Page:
Spin Doctors: Billy Butler vs. Paul Goldschmidt

Brad Evans
February 20, 2012

As usual, first base is an overloaded position chock full of value. In this edition of The Spin, Y! fantasy pundits Scott Pianowski and Brad Evans exchange blows over underrated mid-rounders Billy Butler (ADP: 120.9) and Paul Goldschmidt (145.8). Read. Reflect. And declare a winner in the comments section below.

The Piano Man bats for Billy: The buzzy sophomore is my sworn enemy in fantasy baseball, and with that in mind, I can't stump for Paul Goldschmidt. It's going to be a little messy getting in the way of the Billy Butler/Brad Evans love affair, but I'll take the assignment.

Goldie's power stroke gets your attention and it's nice that he clubbed eight homers when he finally made it to Arizona last year, but there's a ton of batting-average risk with this cat. A whopping 53 strikeouts over 156 at-bats? That's air conditioning. And if Goldschmidt doesn't show something against lefties (he was 6-for-37 against them with the Snakes, tiny sample and all), does Kirk Gibson go against convention and sit the righty a few times a week, force a caddy into the mix? A credible two months does not make you a bona-fide major leaguer.

Butler's become one of those unsexy veterans who no longer forces a wrestling match on draft day, but I'm still intrigued here. You're getting a safe batting average (he's at .291, .318 and .301 over the last three years), durability (only 10 missed games over that span), and run production (two seasons over 93 RBIs, improving Kansas City lineup). And although Butler is primarily a DH these days, we've got your back, gamer: he still carries first-base eligibility in Yahoo's 2012 game.

Butler's power doesn't move the needle at first base, but he's still a pup — he turns 26 in the middle of April. Growth could be on the way. But even if he stays close to the three-year norm he's established, that's enough for me: he's the right pick in this debate. Batting average is a silent killer in roto, one of the most under-appreciated stats. Stick with the Bulldog you know: Butler.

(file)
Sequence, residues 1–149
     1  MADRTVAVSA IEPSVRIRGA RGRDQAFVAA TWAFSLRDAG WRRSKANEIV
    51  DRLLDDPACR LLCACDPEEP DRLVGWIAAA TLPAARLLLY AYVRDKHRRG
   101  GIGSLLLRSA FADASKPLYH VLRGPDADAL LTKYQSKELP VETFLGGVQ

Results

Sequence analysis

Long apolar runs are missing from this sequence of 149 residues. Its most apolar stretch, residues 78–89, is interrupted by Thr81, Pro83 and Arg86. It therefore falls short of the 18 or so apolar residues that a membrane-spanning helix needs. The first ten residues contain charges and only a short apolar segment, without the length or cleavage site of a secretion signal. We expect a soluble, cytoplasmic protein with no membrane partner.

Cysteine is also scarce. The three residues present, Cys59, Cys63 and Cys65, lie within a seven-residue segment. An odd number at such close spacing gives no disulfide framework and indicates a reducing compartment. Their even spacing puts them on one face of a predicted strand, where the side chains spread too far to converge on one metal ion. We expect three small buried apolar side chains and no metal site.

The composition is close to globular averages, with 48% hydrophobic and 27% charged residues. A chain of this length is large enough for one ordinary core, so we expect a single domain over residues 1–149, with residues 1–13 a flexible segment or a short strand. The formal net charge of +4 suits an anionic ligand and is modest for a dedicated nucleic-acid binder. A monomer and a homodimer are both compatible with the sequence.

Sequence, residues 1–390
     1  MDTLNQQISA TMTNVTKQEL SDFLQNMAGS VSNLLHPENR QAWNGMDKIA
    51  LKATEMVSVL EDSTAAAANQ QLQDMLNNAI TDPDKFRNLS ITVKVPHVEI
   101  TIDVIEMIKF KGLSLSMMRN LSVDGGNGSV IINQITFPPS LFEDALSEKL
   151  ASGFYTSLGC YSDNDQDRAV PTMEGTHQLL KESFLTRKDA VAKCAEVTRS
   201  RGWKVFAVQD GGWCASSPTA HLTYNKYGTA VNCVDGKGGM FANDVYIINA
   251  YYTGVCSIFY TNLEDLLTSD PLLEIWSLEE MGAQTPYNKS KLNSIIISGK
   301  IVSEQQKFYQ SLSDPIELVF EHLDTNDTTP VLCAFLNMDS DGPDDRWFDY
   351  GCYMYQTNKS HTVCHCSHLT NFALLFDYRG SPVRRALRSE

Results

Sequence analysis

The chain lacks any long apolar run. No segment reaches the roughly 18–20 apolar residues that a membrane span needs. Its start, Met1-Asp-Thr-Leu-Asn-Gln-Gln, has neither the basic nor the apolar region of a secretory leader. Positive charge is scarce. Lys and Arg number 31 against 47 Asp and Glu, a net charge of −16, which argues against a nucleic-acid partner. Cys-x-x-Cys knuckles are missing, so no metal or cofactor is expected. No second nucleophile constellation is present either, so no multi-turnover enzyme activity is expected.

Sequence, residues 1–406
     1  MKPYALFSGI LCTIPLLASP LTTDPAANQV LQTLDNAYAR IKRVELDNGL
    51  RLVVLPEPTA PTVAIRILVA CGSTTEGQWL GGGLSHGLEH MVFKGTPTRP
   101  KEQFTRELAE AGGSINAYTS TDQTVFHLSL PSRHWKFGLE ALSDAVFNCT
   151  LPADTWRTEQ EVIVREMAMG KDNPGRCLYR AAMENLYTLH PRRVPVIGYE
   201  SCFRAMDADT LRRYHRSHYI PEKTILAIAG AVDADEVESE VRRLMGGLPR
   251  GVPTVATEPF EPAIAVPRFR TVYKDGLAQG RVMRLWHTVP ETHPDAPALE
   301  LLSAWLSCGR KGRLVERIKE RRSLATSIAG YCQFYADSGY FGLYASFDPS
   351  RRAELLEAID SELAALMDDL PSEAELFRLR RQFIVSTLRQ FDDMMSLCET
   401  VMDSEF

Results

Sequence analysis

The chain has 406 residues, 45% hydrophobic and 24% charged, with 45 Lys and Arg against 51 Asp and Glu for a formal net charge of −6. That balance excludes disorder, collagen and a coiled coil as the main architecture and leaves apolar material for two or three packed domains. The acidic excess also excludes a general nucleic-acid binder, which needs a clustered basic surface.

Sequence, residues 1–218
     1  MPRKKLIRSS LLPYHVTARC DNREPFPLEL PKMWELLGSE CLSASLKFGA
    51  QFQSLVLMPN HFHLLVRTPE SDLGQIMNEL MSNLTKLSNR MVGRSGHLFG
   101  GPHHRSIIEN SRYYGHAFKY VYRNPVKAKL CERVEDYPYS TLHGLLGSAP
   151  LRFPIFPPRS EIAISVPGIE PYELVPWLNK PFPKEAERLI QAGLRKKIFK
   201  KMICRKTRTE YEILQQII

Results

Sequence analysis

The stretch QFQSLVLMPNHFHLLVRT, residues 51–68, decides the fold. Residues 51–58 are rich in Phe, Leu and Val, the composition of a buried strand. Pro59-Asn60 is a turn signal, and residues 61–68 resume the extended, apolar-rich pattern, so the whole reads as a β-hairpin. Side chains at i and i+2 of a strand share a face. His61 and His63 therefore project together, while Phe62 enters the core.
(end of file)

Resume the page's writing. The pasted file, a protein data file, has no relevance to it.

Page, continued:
Okay, Bradley, tell us all About Schmidt.

The Noise pans for Gold: Admittedly, this is a cruel exercise. For years, I've harbored inappropriate feelings for Butler, making outrageous predictions about numbers never completely realized. Arms were outstretched. Restraining orders filed. Disappointment felt. Though my man-crush for Blizzy B has only slightly waned there's a new boy toy in the Noise's life.

Holy Schmidt, indeed.

As his last name implies, Goldschmidt will be a precious commodity to own this season. The 6-foot-3, 245-pound masher is a blend of herculean power (419.4 feet/home run average in '11) and surprising speed. Though he'll likely pile up the Ks, most scouts believe his recognition and adjustment skills are better than advertised. Occasional turbulence will occur, but he should produce steady numbers over much of the season, especially within the confines of homer-happy Chase Field.

Last year, Goldschmidt stood out down the stretch. After humiliating Double-A pitchers for most of the season, he bypassed Triple-A en route to an early August big league promotion. His production translated instantly. Over 156 at-bats, he totaled a .250 BA with eight homers, 26 RBIs and 28 runs. He also chipped in four steals. On a per game basis, he ranked in the same tier as roster mainstays Andrew McCutchen, Jay Bruce, Rickie Weeks and B.J. Upton. Extrapolate his 2011 effort over 550 at-bats (.250-28-92-90-14), and the rising star is essentially a discounted version of Mike Stanton. Buyers are robbing leaguemates blind at his current pick 145.8 ADP in average mixers. No doubt, he'll be one of the more profitable mid-round picks this year.

Butler will always have a soft spot in my heart, but he is pricier and his sub-.200 ISO (Goldy's in '11 was .224) implies a significantly lower power ceiling. Yes, Billy will hit some 30-40 points higher than the Snake, but the latter will likely match his production in runs and RBIs and greatly outdistance him in homers and steals — two cats outweigh one.

Wait on Goldschmidt a round or three later and you're bound to strike it rich.

Need more advice? Follow Brad (@YahooNoise) and Scott (@Scott_Pianowski) on Twitter. You're also invited to follow Roto Arcade on Facebook.